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VANAKKAM, CHENNAI

Impressions of the “real India experience”


The first three words that came to my (extremely tired) mind when I left the airport were:
Heat. Noise. Crowd.

Then the first (rhetorical) question: Did I really want to come here?

And the first realization: Namaste in not useful at all in Tamil Nadu.

Daily crowd on the streets of Chennai
Daily crowd
I left from -15 Celsius degrees and arrived to 30 degrees – well equipped with winter clothes. With 0 rupees in my pockets (as far as I knew I could exchange money only in India) and without a drop of water (but a lot of good advices on where and what can I drink), it was a great warm-up for my body to bear with the humid heat of Chennai weather.

At a first glance it seemed to me that this city never sleeps; between 4 and 5 in the morning there was so much noise in the front of the airport as in the middle of a rag fair. What I first heard was a mixture of human voice, a variety of honks and the sounds of awakening nature.

And the crowd: actually I enjoyed it from the first moment after the idleness of winter and the empty, frozen streets of my hometown; with all the movements, interactions, energy and freedom that a crowd includes; the questions of auto rickshaw drivers (Madam? Madam?), the overheard but incomprehensible dialogues, the laughs, calls and shouts.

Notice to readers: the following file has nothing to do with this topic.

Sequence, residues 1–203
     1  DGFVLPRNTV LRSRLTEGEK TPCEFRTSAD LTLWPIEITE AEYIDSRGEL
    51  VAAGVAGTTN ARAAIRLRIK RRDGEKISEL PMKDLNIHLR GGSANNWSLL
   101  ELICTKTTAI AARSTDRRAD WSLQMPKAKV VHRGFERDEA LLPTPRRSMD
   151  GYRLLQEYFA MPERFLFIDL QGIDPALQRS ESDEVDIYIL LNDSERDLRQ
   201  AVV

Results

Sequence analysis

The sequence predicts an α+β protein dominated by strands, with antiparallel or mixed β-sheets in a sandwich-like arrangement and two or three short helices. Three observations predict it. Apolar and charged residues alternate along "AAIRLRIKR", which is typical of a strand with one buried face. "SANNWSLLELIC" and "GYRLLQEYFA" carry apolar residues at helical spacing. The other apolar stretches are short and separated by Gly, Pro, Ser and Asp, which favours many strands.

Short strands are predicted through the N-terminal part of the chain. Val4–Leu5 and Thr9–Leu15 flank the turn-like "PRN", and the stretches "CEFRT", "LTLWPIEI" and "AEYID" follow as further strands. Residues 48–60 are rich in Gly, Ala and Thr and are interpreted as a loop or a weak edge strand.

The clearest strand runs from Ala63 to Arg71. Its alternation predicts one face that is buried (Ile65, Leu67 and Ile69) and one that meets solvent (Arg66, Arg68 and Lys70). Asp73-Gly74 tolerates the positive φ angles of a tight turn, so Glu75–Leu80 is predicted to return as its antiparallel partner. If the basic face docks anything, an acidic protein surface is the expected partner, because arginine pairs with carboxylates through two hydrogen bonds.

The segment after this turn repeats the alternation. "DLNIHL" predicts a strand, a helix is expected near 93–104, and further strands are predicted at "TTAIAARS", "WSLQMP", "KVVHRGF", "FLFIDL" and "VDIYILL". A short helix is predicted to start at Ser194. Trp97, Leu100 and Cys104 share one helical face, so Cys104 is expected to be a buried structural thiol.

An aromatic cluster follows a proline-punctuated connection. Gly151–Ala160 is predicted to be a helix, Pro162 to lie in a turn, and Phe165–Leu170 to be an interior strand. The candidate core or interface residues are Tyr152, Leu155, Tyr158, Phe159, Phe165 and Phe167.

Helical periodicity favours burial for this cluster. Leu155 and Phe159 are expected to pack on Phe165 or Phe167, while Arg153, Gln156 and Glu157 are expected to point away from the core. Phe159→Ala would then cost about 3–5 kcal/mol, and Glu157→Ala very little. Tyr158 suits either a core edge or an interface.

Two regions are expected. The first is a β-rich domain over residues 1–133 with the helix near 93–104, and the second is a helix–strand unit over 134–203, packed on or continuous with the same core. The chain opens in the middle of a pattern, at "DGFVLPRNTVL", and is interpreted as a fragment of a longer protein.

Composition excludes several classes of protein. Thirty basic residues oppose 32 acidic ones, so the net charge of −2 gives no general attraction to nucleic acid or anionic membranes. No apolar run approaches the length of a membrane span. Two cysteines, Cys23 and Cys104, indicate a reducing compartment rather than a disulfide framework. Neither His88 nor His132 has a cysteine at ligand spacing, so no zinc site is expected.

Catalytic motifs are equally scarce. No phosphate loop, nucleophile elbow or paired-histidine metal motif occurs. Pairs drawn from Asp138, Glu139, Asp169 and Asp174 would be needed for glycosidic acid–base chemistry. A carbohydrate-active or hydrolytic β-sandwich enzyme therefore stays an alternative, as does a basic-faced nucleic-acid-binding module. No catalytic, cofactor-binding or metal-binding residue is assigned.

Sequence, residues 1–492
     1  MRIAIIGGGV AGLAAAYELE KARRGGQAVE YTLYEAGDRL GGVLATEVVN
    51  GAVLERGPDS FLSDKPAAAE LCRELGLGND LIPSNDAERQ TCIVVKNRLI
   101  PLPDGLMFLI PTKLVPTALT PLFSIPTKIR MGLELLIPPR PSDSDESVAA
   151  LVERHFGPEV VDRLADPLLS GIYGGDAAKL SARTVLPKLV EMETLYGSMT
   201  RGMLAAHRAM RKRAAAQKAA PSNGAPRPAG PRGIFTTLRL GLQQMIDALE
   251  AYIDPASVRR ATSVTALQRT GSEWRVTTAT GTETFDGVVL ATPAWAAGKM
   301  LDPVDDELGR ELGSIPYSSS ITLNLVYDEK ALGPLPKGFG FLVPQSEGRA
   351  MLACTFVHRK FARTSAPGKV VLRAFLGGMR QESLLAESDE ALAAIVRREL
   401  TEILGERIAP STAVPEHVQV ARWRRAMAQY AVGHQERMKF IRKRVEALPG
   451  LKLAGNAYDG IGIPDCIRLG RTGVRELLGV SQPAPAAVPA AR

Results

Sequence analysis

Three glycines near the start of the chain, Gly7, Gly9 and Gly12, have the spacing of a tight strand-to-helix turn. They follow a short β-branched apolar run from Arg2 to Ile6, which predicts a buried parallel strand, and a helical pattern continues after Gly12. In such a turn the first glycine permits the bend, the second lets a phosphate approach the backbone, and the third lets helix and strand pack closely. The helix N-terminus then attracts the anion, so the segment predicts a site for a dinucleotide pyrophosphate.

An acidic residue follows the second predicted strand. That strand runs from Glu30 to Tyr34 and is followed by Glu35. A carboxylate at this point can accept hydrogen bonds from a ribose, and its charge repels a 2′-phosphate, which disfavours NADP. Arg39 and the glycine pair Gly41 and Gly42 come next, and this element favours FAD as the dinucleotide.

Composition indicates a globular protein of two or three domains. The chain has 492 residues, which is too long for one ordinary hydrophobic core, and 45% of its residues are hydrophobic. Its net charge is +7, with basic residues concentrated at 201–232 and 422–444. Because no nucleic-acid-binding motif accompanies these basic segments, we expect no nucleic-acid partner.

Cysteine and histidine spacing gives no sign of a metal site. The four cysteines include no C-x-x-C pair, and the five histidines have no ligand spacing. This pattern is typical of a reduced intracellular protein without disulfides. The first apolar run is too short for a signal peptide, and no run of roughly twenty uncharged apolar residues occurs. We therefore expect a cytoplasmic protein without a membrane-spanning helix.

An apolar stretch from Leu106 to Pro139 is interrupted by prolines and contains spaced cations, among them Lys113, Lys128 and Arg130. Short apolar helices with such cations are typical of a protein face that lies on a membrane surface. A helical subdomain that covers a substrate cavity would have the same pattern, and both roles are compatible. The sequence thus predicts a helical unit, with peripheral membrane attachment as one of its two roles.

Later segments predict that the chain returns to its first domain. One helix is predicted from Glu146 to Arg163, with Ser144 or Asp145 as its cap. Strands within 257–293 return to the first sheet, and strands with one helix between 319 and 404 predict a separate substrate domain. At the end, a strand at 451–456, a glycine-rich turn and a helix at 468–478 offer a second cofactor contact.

Since my arrival - however - I have discovered calmer and more silent sides of Chennai.😊

The first (rhetorical) question aroused in me when - from the windows of the cab - I have seen the incredible amount of trash on the streets, the imperfect details of otherwise beautiful buildings (which I couldn’t observe from Google Maps) and the indescribably chaotic traffic. But as I already arrived I didn’t try to find excuses or explanations; I was just thinking about how am I going to survive the next 6 months?

Good news is that since then I already have the answer, which might not help everybody, but it works for me. Try to overlook what you don’t like and search for what you like. You will surely find. 😉

And if you decide to visit Tamil Nadu, then forget Namaste. Learn Vanakkam. In India there are 22 official languages, and although you can survive with Hindi in multiple states, it won’t help you too much in the South. If you come to Chennai learn the basics of Tamil, like ana (brother – useful with drivers), sari (good, okay), amaam (yes) and illai (no).


Women selling fish close to the seaside in Chennai

What do you associate with India?


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